How to Revive a Dying Potted Christmas Tree | 6 Easy Steps

Potted Christmas trees are a fantastic eco-friendly way to celebrate the holiday season. If your Christmas tree looks like it is dying with brown or yellowing leaves then you can save your tree in a few easy ways. Soak it in liquid seaweed, add slow release fertilizer, place it in a protected position outdoors and repot it if it is root bound.

Potted Christmas trees are a great way to celebrate the festive season, to bring some green indoors and to have a healthy plant for your garden when it is over.

Indoor Christmas trees can suffer but if you think your potted Christmas tree is dying you can revive it if you follow a few easy steps.

How to know your potted Christmas tree is dying

Your potted Christmas tree can show signs that it is dying if you pay attention. The leaves can turn yellow and then brown if it dries out too much, if it lacks sunlight, if the roots become damaged or if it gets attacked by pests.

To save your Christmas tree and keep it growing for the next year, follow my 6 easy steps below to revive it.

6 Steps to revive a dying potted Christmas tree

Here are my 6 easy steps to help your Christmas tree recover if you suspect that it is dying. If the soil is dry, if the roots are escaping out the bottom of the pot or if the leaves are yellow or brown act now.

Prepare all of the things you need to revive your dying Christmas tree.

You will need:

1. Trim off any damaged stems

The first step to tidy up your potted Christmas tree is to trim off any damaged stems and leaf tips. Trimming off brown or damaged stems will give the plant more room to grow new stems and for the healthy green leaves to photosynthesize.

Use sharp, clean secateurs to trim off any damaged stems or those growing out in the wrong direction.

2. Soak it in liquid seaweed

The next step to revive your potted Christmas tree is to soak it in some dilute, liquid seaweed. Add water into a bucket so that it is just under the top of the pot. Add a dash of liquid seaweed and let the pot soak in the water for 5-10 minutes.

Small pots will only need to soak for 5 minutes while larger pots will need longer for the water to soak through.

The liquid seaweed is a root tonic that will help to revive any damaged roots. Leaving the pot soaking in the water will fully hydrate the soil and give the tree the chance to recover quickly.

Take the pot out of the bucket of water and allow it to drain thoroughly. Leave it outdoors for at least 10 minutes to let all of the extra water drain out. This is a great way to rehydrate the soil if you have let your tree dry out too much and the soil has become hydrophobic.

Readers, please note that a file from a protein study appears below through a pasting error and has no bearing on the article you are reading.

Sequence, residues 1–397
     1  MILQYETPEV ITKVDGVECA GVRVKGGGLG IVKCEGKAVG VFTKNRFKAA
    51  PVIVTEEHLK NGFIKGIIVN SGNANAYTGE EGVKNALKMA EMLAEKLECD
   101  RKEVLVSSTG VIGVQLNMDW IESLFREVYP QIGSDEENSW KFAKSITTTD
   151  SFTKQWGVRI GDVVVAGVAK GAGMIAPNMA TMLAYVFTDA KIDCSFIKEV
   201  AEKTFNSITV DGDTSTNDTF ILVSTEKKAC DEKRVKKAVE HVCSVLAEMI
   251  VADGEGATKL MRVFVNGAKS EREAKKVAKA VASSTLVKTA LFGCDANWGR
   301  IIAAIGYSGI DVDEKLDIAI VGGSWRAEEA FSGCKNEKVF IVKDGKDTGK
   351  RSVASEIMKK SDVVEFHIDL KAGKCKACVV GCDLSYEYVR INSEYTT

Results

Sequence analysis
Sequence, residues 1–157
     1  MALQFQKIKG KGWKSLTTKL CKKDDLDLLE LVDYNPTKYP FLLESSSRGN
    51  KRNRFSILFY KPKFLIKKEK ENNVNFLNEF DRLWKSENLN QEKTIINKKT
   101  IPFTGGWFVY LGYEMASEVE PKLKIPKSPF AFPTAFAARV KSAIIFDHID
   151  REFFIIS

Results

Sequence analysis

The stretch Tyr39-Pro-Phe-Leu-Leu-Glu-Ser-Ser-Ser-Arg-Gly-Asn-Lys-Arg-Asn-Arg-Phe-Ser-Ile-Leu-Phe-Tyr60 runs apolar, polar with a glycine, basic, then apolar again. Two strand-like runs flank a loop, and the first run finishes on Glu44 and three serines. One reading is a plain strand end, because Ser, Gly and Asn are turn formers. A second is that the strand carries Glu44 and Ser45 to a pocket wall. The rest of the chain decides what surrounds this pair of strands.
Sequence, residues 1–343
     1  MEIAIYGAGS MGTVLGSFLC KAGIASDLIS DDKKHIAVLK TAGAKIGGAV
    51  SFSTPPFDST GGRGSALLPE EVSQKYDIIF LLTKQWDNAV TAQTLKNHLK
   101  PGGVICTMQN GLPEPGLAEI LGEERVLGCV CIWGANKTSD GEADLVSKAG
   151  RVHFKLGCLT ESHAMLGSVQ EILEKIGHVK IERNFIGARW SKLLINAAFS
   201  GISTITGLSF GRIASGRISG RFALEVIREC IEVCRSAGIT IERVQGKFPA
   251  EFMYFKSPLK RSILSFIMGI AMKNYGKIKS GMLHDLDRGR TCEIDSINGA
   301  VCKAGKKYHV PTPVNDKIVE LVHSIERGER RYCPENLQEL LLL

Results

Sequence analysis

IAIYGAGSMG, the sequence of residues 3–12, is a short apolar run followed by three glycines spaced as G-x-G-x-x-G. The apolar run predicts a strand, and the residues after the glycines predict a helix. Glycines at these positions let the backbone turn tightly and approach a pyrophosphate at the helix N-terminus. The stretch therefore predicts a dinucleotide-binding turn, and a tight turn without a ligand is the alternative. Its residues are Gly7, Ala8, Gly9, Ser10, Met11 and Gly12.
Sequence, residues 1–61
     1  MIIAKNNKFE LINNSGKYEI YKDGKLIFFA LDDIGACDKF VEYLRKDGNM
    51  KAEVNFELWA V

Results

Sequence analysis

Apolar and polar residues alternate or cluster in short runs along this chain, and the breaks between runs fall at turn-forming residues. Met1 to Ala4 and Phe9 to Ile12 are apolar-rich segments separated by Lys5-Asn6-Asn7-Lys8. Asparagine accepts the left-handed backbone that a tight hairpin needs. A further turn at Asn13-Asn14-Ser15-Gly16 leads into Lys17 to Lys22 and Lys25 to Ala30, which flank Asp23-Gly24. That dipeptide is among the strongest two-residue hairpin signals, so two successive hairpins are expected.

Let the excess water drain out the bottom of the pot before returning it to its outer pot or pot tray.

3. Add some organic slow release fertilizer

The next step to help your Christmas tree recover is to add some slow release fertilizer with organic matter or an indoor slow release plant food. Pelleted chicken manure works perfectly well for outdoor Christmas trees as it will feed the soil but can smell for the first day.

A pot this size will only need 1/2 teaspoon of slow release plant food.

If you are bringing your Christmas tree back indoors then use a slow release indoor plant food to avoid any smells in your home. Water it in to start to release the nutrients to the plant.

Add a small amount of water to the plant after fertilizing.

4. Leave the plant in a protected position for 2 weeks

Ideally, if the weather is mild it is a great idea to move your Christmas tree outdoors. This will give it more light and allow it adjust to the outdoor climate. If you live in the southern hemisphere, Christmas trees will love an outdoor position in part shade to revive it.

If you live in the northern hemisphere and you are experiencing very cold weather you will need to provide your Christmas tree with protection. Moving the tree to a greenhouse might be the best option if you are getting snow. Pine trees or juniper trees are frost tolerant but will not transition well from a very warm indoor environment to outdoors.

If your weather is still very cold, you can move your plant into a protected position under a verandah, as long as it is getting at least 6 hours of sunlight. Very often the cause of damage to your indoor Christmas tree is a lack of light.

5. Repot the plant if it is root bound

The next step to help your Christmas tree to recover is to repot the plant if it is pot bound. If the pot feels firm or if you see roots coming out the bottom of the pot it is time to repot. Trim off any damaged roots and move it to a pot that is 2 inches wider and deeper. Use a good quality potting soil and water it in well.

6.  Mulch the top of the soil

The final step to protect your plant is to mulch the top of the pot. Use a fine bark mulch on top the plant to help to protect the soil from drying out. You can also use coconut coir or straw if you have some.

Once you see signs that your plant is growing new leaves then you know that you know you have addressed the problem. You may need to wait until spring if the weather is cold before you see new leaves.

How to Revive a Dying Potted Christmas Tree | Summary

Potted Christmas trees are a fantastic gift for a friend or for yourself. A change in leaf color is usually the first sign that your Christmas tree is dying. If you see the leaves turn yellow and then brown it is time to act fast. Do your best to keep the soil moist and add some slow release fertilizer to boost the plant’s growth.

I love my new indoor Christmas tree and it will be a great feature in a pot indoors once the festive season is over.

Happy growing.